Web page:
Archive for the ‘wales’ Category

Worcester, Herefordshire and a little bit of Wales (Part 2)

August 22, 2019

We continue on our journey on the trail of Black & White timbered villages.

After we left the church in Kinnersley, we meandered though some beautiful countryside, coming across this house which the owner obviously did not want to conform to the Black and White theme

Red and Black House

Next we came to Eardisley, which is a village on the border with Wales.


Then it was onto Kington which is just 3km from the Welsh border. However it is to the west of Offa’s Dyke so we presume that at some stage it may have been part of Wales. Offa’s Dyke is a large linear earthwork that roughly follows the current border between England and Wales. The structure is named after an Anglo-Saxon king, Offa, who it is believed to have ordered its construction in the mid 700’s.

We meandered the Main Street, a sad looking Main Street that needs a bit of revitalisation with some shops and cafes rather than the multitude of charity shops.

Main Street of Kington (top) and the covered market in the lower picture.

From here we continued on to the pretty village of Presteigne where the road signs are also in Welsh as the town lies just inside the Welsh border.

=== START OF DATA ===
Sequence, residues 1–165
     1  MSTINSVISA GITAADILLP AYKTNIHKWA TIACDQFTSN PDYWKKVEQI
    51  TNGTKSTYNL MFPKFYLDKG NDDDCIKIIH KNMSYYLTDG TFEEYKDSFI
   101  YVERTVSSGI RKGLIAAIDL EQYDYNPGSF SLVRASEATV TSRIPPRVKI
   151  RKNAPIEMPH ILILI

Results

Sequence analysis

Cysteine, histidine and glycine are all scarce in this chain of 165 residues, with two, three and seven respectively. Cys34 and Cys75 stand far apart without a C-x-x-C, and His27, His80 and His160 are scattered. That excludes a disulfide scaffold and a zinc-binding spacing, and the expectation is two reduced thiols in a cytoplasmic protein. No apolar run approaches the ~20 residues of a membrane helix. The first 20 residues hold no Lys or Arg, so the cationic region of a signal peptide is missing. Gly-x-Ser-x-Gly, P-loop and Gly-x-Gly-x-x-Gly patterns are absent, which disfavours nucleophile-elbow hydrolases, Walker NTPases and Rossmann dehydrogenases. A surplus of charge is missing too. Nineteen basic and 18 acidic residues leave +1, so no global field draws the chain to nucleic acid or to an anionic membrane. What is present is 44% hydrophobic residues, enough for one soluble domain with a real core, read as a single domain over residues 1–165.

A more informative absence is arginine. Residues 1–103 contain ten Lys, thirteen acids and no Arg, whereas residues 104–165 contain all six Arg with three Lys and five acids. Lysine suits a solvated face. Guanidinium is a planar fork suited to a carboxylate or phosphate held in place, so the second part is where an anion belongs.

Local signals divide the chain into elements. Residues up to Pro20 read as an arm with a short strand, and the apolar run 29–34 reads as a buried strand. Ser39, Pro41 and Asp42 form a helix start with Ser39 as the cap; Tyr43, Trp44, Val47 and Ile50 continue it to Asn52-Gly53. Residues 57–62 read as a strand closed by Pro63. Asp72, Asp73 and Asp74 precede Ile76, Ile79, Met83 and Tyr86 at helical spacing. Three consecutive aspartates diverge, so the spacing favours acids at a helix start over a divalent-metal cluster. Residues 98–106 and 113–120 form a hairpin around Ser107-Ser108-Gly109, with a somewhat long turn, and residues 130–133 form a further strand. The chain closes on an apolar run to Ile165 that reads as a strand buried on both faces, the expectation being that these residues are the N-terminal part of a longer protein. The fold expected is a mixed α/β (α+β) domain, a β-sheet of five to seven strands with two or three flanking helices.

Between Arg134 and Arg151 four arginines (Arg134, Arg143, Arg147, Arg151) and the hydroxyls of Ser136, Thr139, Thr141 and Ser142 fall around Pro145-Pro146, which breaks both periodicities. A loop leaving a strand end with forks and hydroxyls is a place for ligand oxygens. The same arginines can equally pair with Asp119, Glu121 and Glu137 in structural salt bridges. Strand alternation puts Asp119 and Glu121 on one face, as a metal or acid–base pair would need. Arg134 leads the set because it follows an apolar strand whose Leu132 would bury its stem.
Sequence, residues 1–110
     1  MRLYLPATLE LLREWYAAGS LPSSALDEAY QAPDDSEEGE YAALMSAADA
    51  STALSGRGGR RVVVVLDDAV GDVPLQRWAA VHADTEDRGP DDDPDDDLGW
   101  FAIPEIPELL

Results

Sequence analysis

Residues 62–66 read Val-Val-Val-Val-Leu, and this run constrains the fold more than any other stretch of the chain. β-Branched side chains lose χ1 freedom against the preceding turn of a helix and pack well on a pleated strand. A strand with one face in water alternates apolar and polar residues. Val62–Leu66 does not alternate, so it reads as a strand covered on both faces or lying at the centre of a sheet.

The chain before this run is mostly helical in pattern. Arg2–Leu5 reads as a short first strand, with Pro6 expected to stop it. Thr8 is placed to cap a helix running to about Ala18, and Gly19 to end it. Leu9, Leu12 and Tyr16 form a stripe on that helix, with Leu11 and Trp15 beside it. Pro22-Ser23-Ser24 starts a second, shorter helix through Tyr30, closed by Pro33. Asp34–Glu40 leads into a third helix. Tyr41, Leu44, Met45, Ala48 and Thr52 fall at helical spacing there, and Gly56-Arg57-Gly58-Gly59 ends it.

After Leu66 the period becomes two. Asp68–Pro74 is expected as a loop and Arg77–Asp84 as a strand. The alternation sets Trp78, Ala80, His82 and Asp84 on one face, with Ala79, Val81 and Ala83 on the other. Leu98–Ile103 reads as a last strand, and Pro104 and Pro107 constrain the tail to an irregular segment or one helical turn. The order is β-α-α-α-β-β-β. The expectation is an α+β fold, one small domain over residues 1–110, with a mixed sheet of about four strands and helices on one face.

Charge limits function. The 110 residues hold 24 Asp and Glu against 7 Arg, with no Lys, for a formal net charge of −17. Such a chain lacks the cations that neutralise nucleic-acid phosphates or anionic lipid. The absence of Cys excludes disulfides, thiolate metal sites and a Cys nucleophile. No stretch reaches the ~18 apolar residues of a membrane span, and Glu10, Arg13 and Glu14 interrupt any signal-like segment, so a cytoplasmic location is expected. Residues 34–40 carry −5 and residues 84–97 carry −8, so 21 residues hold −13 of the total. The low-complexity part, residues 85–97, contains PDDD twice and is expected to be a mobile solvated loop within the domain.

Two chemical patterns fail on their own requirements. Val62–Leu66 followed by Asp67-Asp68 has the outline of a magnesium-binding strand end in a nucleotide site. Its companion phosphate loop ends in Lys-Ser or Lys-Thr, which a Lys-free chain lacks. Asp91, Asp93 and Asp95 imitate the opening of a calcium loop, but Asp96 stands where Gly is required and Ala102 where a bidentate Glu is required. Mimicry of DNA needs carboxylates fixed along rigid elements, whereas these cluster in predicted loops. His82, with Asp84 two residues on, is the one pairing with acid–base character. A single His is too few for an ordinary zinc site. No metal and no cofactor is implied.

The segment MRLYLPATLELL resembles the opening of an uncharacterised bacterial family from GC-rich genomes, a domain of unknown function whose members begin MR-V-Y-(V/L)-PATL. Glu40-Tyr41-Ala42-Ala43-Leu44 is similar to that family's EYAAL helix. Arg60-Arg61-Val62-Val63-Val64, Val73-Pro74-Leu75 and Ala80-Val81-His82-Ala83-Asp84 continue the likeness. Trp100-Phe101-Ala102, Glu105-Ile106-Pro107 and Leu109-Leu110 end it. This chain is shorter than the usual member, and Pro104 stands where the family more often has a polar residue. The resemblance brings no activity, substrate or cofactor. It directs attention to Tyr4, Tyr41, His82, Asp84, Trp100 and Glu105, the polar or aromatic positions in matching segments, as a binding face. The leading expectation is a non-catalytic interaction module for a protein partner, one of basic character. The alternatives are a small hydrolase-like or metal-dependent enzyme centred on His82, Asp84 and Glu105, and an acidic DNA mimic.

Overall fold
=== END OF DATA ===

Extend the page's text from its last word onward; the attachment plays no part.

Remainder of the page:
Beautiful ornately painted building in Presteigne

There are many interesting buildings in Presteigne including this one which had a Green Man (a pagan symbol of fertility) carved into one of the posts, well hidden from general view.

12th century building with green man carved in the wood

We paused for a cuppa in one of the cafes in the high street before making our way around the town.

This row of houses were obviously built at different stages looking at the roof lines.

Multi level roof lines

On our way back to the car we came across another church so we wandered in for a look around.

Martin, Roy and Sue on our way into the church

Saint Andrews church is primarily a product of the 13th century however it incorporates remains of a much earlier 9th century Saxon building. The most interesting historical feature is a Flemish tapestry woven in 1510, now hanging in a frame on the north wall.

Tapestry (sorry about the reflections)

Showing the original colours.

In the Lady Chapel is a 15th-century Italian oil painting and a worn 13th-century coffin lid is set into a recess in the north wall.